Card fraud – are banks doing the right thing?
With card fraud apparently a bigger problem in Britain than anywhere else in Europe, are you confident your bank would do everything it could to recover your cash?
Picture this: you’re relaxing in a pub with friends. You fight your way to the bar to buy a round. After paying on plastic, you return to your table with the drinks and put your card safely back in your bag, which is hooked around a chair leg.
Now, what if someone standing next to you at the bar has recorded your PIN? The crook has an accomplice, who whips your purse from your bag and heads for the nearest ATM, where they withdraw £200 from your account.
Imagine you only spot the missing card when you get home. You call your bank, which confirms that a withdrawal was made. All OK so far, but what happens next? Now, I’d expect the bank to tell me that it’ll investigate the matter and, ultimately, reimburse me for my losses. And according to the Payment Services Regulations 2009, that’s just what should happen.
Is your PIN the problem?
But is it what actually happens? The Financial Ombudsman Service (FOS) recently said it was concerned that card providers are failing to investigate certain instances of fraud. It said that many people have contacted them complaining that their banks won’t help them, simply because a correct PIN was used. However, under the Directive, use of a correct PIN alone is not enough proof that the cardholder has acted negligently.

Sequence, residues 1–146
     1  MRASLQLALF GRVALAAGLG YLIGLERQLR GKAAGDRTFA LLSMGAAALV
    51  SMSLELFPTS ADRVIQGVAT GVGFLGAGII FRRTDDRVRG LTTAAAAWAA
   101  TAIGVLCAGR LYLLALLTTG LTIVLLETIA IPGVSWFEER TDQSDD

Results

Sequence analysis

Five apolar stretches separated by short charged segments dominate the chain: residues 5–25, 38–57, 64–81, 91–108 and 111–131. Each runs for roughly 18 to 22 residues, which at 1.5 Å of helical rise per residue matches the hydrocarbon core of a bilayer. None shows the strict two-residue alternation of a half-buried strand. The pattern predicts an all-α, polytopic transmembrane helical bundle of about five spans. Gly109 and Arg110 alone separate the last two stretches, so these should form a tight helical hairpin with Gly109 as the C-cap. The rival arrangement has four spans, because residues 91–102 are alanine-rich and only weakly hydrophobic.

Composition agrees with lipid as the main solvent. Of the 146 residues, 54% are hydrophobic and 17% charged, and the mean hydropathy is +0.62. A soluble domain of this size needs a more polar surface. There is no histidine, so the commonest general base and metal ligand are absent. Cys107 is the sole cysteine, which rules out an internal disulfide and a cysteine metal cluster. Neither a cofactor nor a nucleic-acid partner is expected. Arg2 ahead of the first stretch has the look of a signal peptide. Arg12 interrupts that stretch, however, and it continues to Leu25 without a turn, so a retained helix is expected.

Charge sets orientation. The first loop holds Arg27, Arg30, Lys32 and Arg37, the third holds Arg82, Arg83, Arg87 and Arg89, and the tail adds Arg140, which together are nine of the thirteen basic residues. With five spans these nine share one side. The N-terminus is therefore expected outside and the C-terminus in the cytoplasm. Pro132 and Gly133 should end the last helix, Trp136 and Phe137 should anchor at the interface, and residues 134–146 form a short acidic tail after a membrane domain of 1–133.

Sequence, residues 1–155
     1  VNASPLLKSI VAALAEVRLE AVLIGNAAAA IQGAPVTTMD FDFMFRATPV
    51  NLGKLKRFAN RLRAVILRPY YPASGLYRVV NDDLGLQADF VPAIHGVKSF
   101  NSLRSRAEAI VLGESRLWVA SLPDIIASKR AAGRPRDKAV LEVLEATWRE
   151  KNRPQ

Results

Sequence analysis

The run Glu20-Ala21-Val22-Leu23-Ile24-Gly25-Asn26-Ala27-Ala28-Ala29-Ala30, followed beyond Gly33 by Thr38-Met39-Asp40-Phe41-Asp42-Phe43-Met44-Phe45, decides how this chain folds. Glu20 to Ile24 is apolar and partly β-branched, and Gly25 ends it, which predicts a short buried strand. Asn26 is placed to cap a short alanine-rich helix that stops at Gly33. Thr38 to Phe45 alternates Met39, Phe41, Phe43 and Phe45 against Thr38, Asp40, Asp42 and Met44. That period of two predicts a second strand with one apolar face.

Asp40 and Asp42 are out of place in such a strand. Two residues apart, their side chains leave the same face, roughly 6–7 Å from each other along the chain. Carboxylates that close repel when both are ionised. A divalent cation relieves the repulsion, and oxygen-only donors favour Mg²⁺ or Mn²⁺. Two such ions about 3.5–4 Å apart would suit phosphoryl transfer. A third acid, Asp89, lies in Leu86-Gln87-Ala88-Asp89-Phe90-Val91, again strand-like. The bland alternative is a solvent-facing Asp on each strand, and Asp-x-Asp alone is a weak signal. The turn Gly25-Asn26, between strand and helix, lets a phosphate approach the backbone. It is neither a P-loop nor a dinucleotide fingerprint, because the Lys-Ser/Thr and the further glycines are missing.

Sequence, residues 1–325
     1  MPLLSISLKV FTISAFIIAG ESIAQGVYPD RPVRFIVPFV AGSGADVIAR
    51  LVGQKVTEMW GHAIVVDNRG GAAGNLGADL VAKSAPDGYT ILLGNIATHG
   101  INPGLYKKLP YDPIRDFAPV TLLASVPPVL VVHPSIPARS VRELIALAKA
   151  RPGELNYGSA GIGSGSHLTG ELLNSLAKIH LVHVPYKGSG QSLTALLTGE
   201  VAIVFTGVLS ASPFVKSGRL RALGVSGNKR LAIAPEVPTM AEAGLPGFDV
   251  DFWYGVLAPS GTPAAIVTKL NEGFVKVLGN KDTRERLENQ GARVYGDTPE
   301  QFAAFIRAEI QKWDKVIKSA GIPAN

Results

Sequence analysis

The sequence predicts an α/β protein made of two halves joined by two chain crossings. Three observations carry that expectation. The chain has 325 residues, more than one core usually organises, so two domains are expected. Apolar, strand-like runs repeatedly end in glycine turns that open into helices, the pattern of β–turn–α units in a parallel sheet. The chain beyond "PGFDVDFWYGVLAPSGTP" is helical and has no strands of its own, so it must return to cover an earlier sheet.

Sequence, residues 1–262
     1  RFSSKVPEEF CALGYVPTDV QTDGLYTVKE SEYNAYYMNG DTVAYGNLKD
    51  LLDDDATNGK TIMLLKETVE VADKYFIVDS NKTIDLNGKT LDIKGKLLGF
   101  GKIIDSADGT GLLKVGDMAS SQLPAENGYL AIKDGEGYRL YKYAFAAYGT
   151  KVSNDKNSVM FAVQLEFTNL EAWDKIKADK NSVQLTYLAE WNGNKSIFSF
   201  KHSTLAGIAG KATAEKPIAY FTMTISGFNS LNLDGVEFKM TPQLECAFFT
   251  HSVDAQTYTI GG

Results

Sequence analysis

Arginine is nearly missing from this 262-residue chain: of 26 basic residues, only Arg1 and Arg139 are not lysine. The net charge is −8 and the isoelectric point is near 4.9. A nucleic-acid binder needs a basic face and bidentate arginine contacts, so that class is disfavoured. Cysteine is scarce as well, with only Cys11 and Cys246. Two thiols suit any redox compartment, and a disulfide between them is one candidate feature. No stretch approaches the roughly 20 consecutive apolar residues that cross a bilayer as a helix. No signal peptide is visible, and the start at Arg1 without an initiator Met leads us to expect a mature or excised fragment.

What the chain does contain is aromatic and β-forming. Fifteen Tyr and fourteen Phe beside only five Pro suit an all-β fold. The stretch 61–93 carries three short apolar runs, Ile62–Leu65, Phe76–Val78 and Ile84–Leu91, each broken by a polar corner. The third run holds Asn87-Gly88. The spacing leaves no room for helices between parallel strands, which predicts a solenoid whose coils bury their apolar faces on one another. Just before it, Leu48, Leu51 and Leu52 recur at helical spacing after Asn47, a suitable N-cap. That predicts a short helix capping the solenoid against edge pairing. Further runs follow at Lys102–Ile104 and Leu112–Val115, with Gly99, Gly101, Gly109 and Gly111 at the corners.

As if that wasn’t bad enough, recent research by ACI Worldwide has shown that a third of Brits have fallen foul of card fraud in the past five years. The survey of more than 5,000 consumers across 17 countries found that Britain is now the worst affected country in Europe.
Internet and phone transactions are the biggest cause of criminal loss, which shows that there can be a price to pay for convenience as opportunities abound for tech-savvy miscreants. And this type of card-not-present fraud is on the rise as more of us buy goods this way.
Banks need to step-up
Using trusted websites and downloading anti-virus software can help, but they won’t kill this problem. It’s going to need the banks to play a more of a positive role, educating their customers about online security, and offering swift assistance when a suspected fraud is spotted.
I’ve been lucky as, to date, I’ve not been targeted by a payment card fraudster. But I can’t say I feel all that secure about the whole issue. I doubt we’ll ever eradicate card fraud, but the very least I’d expect is for my bank to take my case seriously if it did happen.
Have you ever been the victim of card fraud? Did your bank investigate what happened and compensate you?
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